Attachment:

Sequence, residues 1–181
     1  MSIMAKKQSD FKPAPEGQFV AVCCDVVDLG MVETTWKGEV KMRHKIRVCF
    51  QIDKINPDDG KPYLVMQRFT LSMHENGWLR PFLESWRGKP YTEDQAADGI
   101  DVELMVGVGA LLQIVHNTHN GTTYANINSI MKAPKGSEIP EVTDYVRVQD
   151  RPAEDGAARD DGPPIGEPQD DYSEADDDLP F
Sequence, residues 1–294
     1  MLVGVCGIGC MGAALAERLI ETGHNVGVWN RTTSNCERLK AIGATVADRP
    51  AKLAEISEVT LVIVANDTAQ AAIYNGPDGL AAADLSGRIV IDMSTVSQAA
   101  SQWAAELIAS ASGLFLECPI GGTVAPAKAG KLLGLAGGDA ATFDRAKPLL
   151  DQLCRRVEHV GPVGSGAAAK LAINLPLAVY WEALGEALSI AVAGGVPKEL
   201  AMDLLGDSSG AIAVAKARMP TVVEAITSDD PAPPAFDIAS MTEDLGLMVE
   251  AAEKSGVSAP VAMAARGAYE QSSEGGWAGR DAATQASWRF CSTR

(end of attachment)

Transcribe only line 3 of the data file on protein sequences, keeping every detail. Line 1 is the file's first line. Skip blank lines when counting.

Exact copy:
    51  QIDKINPDDG KPYLVMQRFT LSMHENGWLR PFLESWRGKP YTEDQAADGI